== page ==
Knowing When Al Franken & I Can and Can’t Tell Jokes – Madeleines From Reading Al Franken, Giant of the Senate


First, here’s the quickie summary: Al Franken, Giant of the Senate by Al Franken is an entertaining book, rife with humor and insights into how the contemporary political system works – or doesn’t work. But, Franken doesn’t mask his politics so if you don’t care for his liberal positions, you will have a monumental obstacle to overcome to see the book for what it is:  a memoir.  My advice is – don’t bother. On the other hand, for those who reside in the same political spectrum, this is highly recommended reading.

My primary focus, however, is on the necessity for self-censoring the funny stuff.  Franken offers several instances from his career in the Senate when his  jokes were taken the wrong way. My favorite example was his habit of elbowing his way through the line of visitors waiting to enter the Senate (rather than waking through the no-waiting Senators-only entrance), all the while muttering – as a joke – “More important than you, more important than you.” That earned enough grins and chuckles from the enlightened to perpetuate the shtick until Yankee first baseman Mark Teixeira took offense and tweeted, “@AlFranken let me know ‘He is more important than me.” The real punchline follows Franken’s report that his staff “said no” to lots of jokes he wanted to make (e.g., calling a dissent by Supreme Court Justice Antonin Scalia “very gay”):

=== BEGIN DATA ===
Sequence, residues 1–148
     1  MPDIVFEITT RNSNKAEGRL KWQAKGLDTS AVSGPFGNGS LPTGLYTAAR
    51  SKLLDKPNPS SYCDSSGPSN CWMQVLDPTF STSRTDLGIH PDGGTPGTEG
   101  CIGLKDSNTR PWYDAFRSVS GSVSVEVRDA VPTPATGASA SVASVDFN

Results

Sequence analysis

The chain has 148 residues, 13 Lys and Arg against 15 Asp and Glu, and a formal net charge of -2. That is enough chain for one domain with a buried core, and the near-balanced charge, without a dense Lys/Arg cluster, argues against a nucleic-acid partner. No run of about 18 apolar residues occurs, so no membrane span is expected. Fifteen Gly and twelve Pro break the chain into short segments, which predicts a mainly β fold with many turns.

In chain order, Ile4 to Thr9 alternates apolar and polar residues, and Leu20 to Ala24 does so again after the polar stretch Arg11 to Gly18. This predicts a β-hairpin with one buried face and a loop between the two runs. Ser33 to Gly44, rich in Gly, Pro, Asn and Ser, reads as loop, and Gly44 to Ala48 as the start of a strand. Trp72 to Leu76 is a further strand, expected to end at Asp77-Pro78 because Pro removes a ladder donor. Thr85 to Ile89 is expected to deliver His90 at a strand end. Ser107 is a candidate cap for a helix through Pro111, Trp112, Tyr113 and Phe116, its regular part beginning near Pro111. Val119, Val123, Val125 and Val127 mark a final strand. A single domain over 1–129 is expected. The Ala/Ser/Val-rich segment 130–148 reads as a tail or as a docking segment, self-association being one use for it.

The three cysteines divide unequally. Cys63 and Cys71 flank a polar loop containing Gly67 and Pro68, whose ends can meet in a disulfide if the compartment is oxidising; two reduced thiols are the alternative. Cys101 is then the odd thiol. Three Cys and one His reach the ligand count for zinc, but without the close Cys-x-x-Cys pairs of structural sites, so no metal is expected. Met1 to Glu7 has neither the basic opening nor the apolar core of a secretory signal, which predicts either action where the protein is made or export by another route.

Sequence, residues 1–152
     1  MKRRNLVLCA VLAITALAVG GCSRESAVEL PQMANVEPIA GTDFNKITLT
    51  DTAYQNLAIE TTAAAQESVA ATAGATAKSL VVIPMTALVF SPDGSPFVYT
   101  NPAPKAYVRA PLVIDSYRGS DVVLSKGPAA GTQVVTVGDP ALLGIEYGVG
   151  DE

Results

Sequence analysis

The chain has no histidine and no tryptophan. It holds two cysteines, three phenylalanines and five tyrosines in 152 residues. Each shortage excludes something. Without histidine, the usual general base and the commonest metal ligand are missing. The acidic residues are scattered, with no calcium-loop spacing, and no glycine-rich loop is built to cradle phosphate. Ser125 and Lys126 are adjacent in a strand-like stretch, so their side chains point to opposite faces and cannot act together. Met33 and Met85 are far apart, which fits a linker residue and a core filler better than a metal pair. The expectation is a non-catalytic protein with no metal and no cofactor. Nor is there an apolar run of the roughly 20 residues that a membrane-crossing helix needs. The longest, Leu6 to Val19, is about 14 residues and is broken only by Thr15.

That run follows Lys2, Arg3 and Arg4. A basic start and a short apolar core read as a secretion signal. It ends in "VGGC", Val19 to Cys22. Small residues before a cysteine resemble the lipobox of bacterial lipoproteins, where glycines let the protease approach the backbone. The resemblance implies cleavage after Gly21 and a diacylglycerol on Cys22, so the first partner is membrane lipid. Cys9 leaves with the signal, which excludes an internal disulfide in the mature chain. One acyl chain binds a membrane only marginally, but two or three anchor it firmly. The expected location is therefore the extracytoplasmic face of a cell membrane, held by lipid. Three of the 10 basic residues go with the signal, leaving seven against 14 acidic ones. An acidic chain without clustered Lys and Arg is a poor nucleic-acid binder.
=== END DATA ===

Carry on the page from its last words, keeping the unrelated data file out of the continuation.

But they didn’t say I couldn’t put it in a book someday!

As my medical school classmates will confirm,  I had a similar problem. When, for example, an attending physcian or a chief resident would ask an incredibly obscure question to humiliate the med students (e.g., “What is the average pH of the amniotic fluid of pregnant, Aleutian, opioid-addicted, bisexual women?), I would routinely respond, in a Frankenesque mutter, “Well, I know, but I’m not telling everybody else.”)  That routine ended when a surgical resident used my comment as the springboard for a diatribe on the need to work as a team and share information. And then those are those Leonard Cohen fans who – unlike Leonard himself – didn’t see the humor of, for example, the Leonard Cohen bobblehead.

 

Sigh.

Anyway, Al has convinced me – I just gotta wrote a book for all those jokes I couldn’t tell in real life.

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